The Scary Truth About Fleas

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Fleas. Those pesky little parasitic bugs that irritate our pets and, as a result, us.  They’re tiny, black/brown, flightless bugs that survive off of the blood of animals and humans alike. For those unfamiliar, fleas look like grains of black pepper. They just pack a little more bite, literally. To make matters worse, fleas are built for survival, as most parasites are. They have sharp heads and hard outer shells to optimize their bloodsucking and overall peskiness. 

My skin is crawling just thinking about them. Regardless of how uncomfortable the thought of them are, though, the reality could be even worse. That’s why it is important to know as much as you can about fleas before they become a problem– as a preventative measure. That way, hopefully, they never become an actual issue that with which you have to deal. 

Though I’ve never had to deal with them firsthand, from what I have read and heard and from what I can imagine, fleas cause A LOT of discomfort for their victims. 

Symptoms and signs include, but are not limited to: white/pale gums, fur loss, and increased itchiness. 

The pale gums are typical of bad cases, wherein the pet has lost extensive amounts of blood. According to one source, “Fleas can take in up to 15 times their body weight in blood.” With all that biting, it’s no wonder why fleas cause dogs to itch so much. When a dog has fleas and he starts scratching and biting himself, he is actually trying to alleviate the discomfort that the fleas are causing. This can be an issue because, depending on how bad the case is and how much the dog is scratching, fur loss and even infection are possibilities. 

Other Things for which to Look

Now that you know what the critters look like you might be able to spot them on your pets. They do jump, as well, which may help you spot them. Another note, where there is one, there is never only one. Chances are if you see one flea on your dog, there are hundreds more. 

You may also notice black specks left behind. This is where the black pepper comparison from earlier is really prevalent. Fleas can’t survive unless they’re on warm blooded beings; so, when your dog lays down somewhere some remittance of fleas may fall off but they aren’t necessarily living fleas. Furthering this, flea eggs are little white specks that may be mistaken for dandruff to a less observant owner. 

It is also important to note that fleas do not tend tp thrive on humans, excepting severe situations. You may notice small, itchy bites with white-ish halos on your arms or legs from playing and cuddling with your dogs, but the chances of you actually having fleas live on your skin are slim. Fleas can carry diseases, though; so, be sure to treat your bites and your dog’s appropriately and consult a doctor. 

Fleeing the Fleas

While all this may sound daunting and itchy, luckily it is a common enough issue that the market is flushed with products to help. 

Treatment comes down to two essential parts. Firstly, you need to get rid of the pests. Secondly, you’ll need to prevent future infestations.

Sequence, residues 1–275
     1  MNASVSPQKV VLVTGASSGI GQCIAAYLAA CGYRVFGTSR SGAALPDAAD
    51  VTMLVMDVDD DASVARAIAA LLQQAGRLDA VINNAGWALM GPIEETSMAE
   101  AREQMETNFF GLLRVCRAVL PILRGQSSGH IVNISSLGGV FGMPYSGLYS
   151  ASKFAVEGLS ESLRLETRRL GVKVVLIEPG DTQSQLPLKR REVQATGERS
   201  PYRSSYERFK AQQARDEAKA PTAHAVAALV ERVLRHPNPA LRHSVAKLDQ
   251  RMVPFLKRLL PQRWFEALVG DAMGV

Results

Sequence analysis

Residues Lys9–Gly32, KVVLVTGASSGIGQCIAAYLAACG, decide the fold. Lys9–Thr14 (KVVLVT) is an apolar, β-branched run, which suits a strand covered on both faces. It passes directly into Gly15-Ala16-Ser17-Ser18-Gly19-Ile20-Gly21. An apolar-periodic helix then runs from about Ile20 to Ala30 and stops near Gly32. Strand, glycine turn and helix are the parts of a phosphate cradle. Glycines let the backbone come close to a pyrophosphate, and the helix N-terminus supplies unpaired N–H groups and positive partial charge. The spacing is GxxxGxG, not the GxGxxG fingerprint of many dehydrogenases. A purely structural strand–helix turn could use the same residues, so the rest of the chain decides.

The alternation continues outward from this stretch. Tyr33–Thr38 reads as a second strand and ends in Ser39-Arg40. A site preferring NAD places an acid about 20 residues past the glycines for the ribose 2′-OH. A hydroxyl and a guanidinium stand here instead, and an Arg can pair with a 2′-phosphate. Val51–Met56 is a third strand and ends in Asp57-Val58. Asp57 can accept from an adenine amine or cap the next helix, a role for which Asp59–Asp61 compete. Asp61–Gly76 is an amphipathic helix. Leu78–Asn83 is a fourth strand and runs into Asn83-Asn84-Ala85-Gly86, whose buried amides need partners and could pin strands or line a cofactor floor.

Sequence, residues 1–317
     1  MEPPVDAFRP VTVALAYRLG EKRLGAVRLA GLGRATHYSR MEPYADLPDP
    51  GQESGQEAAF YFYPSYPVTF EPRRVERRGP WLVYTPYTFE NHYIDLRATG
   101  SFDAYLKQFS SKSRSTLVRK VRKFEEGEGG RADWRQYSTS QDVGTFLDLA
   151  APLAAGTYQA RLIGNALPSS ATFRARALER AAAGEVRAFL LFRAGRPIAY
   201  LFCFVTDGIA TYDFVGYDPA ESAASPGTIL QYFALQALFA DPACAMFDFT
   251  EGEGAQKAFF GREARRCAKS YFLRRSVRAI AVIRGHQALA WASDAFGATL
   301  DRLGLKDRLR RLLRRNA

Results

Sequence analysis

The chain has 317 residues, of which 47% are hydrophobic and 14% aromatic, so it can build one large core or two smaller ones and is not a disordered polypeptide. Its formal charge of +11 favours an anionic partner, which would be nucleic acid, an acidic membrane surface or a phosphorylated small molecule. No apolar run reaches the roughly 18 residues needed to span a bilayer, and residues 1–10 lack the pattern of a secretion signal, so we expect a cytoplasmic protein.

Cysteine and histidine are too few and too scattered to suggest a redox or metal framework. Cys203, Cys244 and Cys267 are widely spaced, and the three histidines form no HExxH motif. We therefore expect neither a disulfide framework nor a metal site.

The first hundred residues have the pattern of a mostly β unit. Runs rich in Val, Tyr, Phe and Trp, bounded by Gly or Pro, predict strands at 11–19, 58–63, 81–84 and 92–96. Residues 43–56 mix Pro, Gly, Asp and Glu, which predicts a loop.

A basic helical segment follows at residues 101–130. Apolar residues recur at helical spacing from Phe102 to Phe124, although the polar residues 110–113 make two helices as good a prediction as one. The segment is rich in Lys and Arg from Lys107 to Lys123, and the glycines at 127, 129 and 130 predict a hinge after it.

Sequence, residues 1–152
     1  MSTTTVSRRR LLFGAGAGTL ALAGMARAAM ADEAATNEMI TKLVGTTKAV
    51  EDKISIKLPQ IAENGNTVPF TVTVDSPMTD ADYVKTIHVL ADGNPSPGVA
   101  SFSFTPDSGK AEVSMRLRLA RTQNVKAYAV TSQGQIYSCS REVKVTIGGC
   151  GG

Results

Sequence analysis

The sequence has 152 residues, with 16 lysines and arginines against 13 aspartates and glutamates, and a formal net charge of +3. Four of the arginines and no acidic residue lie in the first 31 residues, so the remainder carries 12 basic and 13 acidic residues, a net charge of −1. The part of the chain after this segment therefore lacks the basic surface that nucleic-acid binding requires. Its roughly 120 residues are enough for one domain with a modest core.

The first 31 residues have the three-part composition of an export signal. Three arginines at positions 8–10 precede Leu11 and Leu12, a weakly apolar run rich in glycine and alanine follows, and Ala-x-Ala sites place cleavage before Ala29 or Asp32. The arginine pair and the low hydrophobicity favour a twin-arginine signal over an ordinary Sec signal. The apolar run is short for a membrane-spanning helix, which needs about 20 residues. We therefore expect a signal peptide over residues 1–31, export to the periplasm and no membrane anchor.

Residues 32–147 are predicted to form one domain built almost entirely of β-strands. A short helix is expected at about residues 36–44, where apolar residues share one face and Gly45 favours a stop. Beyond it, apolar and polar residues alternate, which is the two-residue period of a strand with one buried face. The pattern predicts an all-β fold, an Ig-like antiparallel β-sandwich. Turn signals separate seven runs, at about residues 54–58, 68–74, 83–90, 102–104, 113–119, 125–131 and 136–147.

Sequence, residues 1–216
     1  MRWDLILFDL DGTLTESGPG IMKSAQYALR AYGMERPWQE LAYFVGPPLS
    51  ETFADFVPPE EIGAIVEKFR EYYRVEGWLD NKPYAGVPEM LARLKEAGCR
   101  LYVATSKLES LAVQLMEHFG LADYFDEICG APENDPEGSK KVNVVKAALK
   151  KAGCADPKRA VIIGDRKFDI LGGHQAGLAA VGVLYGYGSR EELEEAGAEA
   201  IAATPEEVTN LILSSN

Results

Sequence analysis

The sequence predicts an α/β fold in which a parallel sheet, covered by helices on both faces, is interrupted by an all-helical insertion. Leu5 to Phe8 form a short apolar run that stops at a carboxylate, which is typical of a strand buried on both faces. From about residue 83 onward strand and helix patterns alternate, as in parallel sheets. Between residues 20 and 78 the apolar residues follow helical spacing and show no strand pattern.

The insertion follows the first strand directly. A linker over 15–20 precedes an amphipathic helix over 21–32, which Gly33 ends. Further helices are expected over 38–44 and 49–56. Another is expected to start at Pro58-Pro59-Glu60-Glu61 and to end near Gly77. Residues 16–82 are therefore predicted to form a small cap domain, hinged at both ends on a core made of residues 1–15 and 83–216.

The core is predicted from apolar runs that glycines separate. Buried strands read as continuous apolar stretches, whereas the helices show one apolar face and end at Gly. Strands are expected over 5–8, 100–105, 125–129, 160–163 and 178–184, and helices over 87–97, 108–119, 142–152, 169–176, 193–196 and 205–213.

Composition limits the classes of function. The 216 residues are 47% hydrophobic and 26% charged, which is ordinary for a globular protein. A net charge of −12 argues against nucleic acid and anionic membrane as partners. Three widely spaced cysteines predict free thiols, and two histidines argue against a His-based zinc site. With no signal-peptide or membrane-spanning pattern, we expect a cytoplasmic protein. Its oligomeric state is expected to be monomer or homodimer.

Always consult a vet before you buy and use any products on your dog. Different dogs may react differently to different ingredients. But, in terms of nondescript products to try, start with a flea comb. It will help pick up a good amount of the bugs and bring the smaller ones to the surface. Then, you will need and want to give your dog a hot bath using a flea shampoo or spray. The spray will essentially poison the fleas, and, usually, within twenty-four hours your dogs will be pest free. After the bath use an insecticide. Again, always consult your vet. After a flea infestation, your dog’s skin may be extra sensitive. Therefore, it’s important to make sure you’re using gentle, pet friendly products. Labels are often misleading and your vet is the best and probably one of the most qualified people to see through the fancy language and marketing techniques of harmful products. 

There are also yard products that can help control the pests outside. Spraying around your property may help keep your dog from unwittingly taking things from the outside to inside on their fur. 

Treating Your House  

After an infestation is treated on your dogs, it is important to take care of any remains that may be lingering around your house. Vacuum extensively and wash any cushions are dog bedding that your dog may frequent. Natural furniture treatments are also available.

In a pinch, you may not have the products designed specifically for pest prevention. There are some alternatives that will work temporarily. Use dish soap to wash your pet if you do not have flea shampoo. It is gentle enough on your dog’s skin but abrasive enough to detach the fleas from your dog’s skin. Still vacuum and clean your house  and use tea tree oil mixed with water in a spray bottle on cloth or carpets, until you can get actual insecticide. 

Pests are pesky, but you don’t have to be afraid of them. Be sure to do your research and consult your appropriate doctors, but hopefully the above information will be helpful in an emergency. 

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